Mini-camp memories

Mini-camp - set to open again in about a week - has something for everyone. Rookies and free agents show what they can do. Coaches find out who worked out in the offseason … and who didn't. Veterans reunite and size up the newcomers. Fans finally get a break from their football famine. <P> Who is to thank – or blame – for these spring get-togethers? None other than Dan Devine. The late former GB coach instituted the mini-camp in 1971 and the team has met in the spring every year since.<P>

Devine coached the Packers from a decent start in 1971 to a dismal end 1974. His tenure included 25-28-4 mark and the horrendous John Hadl trade. While the Hadl trade may be his lasting legacy, he would probably much rather be remembered for creating the Packers' mini-camp.

Devine brought an impressive collegiate resume to Green Bay when he took the reins. Devine had coached collegiately for 16 years, including the Arizona State and Missouri posts before the Packers gave him his first professional post.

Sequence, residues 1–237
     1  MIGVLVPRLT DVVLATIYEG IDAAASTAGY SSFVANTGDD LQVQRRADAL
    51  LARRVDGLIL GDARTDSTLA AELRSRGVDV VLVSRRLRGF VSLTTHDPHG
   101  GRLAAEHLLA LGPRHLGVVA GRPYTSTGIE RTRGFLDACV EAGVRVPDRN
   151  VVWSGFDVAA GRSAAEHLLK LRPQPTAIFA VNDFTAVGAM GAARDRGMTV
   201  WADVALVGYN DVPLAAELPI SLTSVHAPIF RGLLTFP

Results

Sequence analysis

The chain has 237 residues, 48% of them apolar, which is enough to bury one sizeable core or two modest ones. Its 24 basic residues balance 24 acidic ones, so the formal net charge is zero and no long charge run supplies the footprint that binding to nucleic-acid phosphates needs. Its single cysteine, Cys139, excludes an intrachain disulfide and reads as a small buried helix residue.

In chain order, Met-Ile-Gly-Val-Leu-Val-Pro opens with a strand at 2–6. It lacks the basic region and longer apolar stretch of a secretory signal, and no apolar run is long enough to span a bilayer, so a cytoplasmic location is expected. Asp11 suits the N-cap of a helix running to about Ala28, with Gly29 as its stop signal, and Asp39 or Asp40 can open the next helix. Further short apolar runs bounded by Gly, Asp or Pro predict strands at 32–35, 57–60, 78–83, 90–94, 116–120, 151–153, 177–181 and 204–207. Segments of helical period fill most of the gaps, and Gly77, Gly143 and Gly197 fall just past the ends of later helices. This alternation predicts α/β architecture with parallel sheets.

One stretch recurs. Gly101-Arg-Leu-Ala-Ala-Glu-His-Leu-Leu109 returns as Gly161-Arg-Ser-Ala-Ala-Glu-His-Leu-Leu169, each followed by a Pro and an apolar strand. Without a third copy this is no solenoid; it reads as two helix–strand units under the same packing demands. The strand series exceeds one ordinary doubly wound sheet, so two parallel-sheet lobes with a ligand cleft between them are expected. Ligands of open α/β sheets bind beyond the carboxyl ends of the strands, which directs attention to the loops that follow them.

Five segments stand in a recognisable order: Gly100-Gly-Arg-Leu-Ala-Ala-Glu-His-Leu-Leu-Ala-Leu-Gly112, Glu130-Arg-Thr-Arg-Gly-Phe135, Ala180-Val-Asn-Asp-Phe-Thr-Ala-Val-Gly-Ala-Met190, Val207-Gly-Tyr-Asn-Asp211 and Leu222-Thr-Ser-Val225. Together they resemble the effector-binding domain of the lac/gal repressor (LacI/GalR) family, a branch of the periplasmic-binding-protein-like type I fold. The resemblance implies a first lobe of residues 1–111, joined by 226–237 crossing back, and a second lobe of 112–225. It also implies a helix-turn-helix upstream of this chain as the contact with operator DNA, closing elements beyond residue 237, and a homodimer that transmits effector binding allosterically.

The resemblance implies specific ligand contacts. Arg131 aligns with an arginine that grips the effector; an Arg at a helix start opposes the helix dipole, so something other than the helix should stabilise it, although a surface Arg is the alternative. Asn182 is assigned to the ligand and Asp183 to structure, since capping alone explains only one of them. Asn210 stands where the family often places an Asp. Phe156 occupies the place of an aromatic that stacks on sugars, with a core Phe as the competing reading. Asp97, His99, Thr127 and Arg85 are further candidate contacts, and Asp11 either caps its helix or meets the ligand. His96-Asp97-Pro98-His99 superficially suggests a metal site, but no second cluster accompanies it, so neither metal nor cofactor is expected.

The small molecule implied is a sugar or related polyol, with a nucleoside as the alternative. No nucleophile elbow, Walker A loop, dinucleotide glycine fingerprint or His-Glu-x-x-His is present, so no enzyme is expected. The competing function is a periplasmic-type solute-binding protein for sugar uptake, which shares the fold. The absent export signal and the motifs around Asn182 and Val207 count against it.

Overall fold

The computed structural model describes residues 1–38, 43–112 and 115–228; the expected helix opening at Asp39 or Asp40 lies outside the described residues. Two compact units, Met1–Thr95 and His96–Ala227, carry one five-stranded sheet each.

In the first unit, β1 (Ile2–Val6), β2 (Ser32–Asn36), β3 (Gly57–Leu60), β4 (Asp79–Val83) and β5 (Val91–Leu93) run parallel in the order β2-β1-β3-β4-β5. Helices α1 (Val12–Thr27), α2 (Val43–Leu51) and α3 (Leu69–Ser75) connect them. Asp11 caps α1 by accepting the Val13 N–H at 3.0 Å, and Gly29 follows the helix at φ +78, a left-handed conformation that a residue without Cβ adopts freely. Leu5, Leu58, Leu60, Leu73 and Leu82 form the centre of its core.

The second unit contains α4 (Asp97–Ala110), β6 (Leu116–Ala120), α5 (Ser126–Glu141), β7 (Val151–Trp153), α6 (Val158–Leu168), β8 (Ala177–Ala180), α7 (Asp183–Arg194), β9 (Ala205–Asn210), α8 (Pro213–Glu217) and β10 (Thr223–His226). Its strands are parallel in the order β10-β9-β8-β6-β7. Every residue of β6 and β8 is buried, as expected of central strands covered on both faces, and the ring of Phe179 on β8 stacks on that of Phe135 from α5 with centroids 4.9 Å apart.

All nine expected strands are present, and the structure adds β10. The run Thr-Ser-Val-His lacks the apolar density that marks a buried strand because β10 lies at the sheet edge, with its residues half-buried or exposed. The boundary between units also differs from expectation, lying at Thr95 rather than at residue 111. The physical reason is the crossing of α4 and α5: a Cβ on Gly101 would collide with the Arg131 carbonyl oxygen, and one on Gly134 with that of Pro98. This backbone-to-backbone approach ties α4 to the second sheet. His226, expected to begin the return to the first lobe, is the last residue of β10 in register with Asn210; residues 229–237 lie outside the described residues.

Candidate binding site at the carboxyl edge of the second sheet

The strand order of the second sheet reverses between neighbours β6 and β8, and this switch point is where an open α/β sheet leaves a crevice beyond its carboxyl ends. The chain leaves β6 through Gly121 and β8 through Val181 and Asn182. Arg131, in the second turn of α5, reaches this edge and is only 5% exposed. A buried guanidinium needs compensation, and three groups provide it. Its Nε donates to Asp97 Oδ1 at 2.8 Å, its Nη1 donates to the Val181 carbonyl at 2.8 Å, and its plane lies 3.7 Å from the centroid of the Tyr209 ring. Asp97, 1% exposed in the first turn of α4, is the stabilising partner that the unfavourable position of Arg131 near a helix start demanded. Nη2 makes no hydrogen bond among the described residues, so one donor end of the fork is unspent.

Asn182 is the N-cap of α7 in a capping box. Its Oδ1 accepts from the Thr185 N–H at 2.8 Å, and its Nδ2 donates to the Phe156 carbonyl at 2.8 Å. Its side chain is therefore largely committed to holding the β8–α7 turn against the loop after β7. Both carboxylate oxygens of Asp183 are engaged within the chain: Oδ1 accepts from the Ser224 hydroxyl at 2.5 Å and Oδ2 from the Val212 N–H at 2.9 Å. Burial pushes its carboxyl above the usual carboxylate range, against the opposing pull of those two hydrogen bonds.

Shortly after his arrival in Green Bay, Devine introduced a college tradition: spring practice. In April 1971, Devine took this team on the road for the inaugural mini-camp at the University of Texas. There No. 1 draft choice John Brockington practiced with the Packers for the first time.

The tradition of taking to the road for warm weather practices ended in 1977, when the Packers build an indoor facility. They've stayed home for mini-camp ever since, with the exception of 1994. That year, the team took a "business trip" to Phoenix while construction was completed on the dazzling Don Hutson Center.

Here's a brief history of the Packers' mini-camp road map:

1971: University of Texas at Arlington.

1972-76: Saguaro High School, Phoenix.

1977-93: Indoor Practice Facility, Green Bay

1994: Scottsdale (Ariz.) Community College

1995-Present: Don Hutson Center, Green Bay

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